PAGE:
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From Vinayakumar B <vinayakum...@apache.org>
Subject Re: [DISCUSS] git rebase vs. git merge for branch development
Date Tue, 18 Aug 2015 08:39:02 GMT
+1, I agree with the support for git-merge based workflows for large branch
merge.

I have experienced the pain of re-basing the entire branch HDFS-7285, just
for verification though, and I found even a line change in trunk in core
files ( ex: FSNameSystem.java, BlockManager.java ) makes it hard to rebase
many commits in the branch.
  One main problem, as I have experienced, with git-rebase is,
  If we need to retain same commits, All conflicts should be resolved by
the same person who is doing the rebase, as 'git-rebase' should be executed
 in same machine and there is a fair chance of miss-handling conflicts and
causing problem. The person doing rebase may not be very familiar with the
conflicted code.
  In these kind of situations, I think its very hard to find out what was
the original code and what is conflicted code, once the rebase is done.

IMO, its fair to go with periodic merge from trunk->branch, even though
there are little conflicts, these may not be much problematic, compare to
rebase-conflicts.

   Regarding merging to branch-2, though it needs little more conflict
resolutions compare to trunk, but may not be too much, as trunk and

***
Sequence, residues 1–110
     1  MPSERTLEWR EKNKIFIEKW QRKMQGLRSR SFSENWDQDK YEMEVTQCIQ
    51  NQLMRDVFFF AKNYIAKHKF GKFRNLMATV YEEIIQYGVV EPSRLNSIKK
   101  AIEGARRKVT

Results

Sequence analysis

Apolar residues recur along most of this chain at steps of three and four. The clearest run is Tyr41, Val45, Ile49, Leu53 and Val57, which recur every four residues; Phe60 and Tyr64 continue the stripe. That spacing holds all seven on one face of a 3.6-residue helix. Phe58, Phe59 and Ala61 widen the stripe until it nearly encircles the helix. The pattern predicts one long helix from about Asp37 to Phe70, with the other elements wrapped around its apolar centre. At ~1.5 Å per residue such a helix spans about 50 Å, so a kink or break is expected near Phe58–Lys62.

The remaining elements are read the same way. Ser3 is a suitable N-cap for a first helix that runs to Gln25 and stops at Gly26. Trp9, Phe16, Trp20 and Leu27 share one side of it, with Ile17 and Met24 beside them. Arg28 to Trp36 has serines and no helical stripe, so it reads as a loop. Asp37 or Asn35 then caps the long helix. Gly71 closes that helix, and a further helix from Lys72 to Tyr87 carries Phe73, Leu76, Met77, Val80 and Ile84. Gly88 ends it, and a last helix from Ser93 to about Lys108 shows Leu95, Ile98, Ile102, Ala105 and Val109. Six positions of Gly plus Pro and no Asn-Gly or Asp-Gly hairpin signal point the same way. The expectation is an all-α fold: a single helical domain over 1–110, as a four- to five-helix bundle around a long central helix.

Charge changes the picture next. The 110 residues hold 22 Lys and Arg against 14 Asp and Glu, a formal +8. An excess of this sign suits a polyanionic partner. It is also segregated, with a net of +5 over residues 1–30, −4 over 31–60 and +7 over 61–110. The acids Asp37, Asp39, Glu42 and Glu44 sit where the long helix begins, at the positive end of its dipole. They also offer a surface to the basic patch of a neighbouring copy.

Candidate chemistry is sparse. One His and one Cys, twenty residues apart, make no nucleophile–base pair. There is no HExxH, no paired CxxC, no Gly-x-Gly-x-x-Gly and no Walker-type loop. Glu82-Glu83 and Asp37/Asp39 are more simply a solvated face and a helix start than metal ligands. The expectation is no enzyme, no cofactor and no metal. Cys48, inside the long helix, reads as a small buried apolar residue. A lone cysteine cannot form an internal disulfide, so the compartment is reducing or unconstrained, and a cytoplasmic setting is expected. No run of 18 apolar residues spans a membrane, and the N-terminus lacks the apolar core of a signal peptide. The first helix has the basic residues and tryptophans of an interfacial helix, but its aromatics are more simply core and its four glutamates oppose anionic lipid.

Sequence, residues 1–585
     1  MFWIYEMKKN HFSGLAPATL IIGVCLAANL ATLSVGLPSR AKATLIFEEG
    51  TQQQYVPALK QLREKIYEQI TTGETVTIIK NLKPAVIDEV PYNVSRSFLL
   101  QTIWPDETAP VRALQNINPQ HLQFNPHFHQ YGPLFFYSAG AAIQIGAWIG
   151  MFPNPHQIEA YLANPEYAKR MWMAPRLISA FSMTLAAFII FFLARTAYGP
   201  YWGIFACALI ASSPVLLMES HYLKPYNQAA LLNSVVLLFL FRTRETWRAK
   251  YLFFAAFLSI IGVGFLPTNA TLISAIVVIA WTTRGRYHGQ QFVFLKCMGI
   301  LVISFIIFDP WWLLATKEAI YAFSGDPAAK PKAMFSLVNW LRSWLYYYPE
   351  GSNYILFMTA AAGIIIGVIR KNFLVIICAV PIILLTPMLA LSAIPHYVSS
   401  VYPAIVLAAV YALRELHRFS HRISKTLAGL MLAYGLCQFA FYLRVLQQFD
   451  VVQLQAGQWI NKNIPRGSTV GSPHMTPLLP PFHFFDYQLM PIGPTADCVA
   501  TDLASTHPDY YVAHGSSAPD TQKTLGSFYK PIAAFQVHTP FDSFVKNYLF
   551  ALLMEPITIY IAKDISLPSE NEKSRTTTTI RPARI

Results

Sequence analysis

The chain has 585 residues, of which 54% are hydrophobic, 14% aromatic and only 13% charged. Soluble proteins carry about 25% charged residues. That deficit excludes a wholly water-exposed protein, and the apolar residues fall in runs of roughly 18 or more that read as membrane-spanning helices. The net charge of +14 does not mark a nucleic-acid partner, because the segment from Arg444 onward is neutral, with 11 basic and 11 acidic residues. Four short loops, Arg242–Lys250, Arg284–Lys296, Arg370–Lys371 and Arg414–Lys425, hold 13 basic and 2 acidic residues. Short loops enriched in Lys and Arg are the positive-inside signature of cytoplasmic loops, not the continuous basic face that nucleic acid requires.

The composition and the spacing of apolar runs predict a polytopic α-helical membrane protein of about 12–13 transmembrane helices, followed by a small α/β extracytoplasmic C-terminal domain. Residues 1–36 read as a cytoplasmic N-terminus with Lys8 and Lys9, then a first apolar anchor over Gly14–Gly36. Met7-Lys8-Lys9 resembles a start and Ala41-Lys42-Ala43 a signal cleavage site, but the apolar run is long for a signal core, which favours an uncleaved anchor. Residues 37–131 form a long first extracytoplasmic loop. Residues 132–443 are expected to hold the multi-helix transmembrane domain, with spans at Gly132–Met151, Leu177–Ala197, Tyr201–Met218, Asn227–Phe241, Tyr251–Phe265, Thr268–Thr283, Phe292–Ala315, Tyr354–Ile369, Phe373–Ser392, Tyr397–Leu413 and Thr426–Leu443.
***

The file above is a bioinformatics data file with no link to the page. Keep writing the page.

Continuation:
branch-2 are going parallel, at-least in terms of features and fixes ( ~ >
90% I would say).

Regards,
Vinay

On Tue, Aug 18, 2015 at 6:12 AM, Sangjin Lee <sjlee@apache.org> wrote:

> I also think allowing merges as a way to uprev with trunk would be a good
> idea. AFAIK, git rebase works well when your branch is short-lived and
> contains a fairly small number of commits, but doesn't work so well if your
> branch is large. Also, the cost of rebase will only go up as time goes. On
> the other hand, git merge has a pretty decent chance to succeed, especially
> more so if you merge the trunk often. My 2 cents.
>
> Sangjin
>
> On Mon, Aug 17, 2015 at 1:18 PM, Jing Zhao <jing.apache@gmail.com> wrote:
>
> > I think we should allow merge-based workflows. I worked and am working in
> > several big feature branches, including HDFS-2802 (>100 subtasks) and
> > HDFS-7285 (currently already > 200 subtasks), and tried both the
> > merge-based and rebase-based workflows. When the feature change becomes
> > big, the rebase will become a big pain, considering a small change in
> trunk
> > can cause conflicts for rebasing large number of commits in the feature
> > branch. Using "git merge" to merge trunk changes into the feature branch
> is
> > much easier in this case.
> >
> > Thanks,
> > -Jing
> >
> > On Mon, Aug 17, 2015 at 12:17 PM, Andrew Wang <andrew.wang@cloudera.com>
> > wrote:
> >
> > > Hi all,
> > >
> > > I've thought about this topic more over the last week, and felt I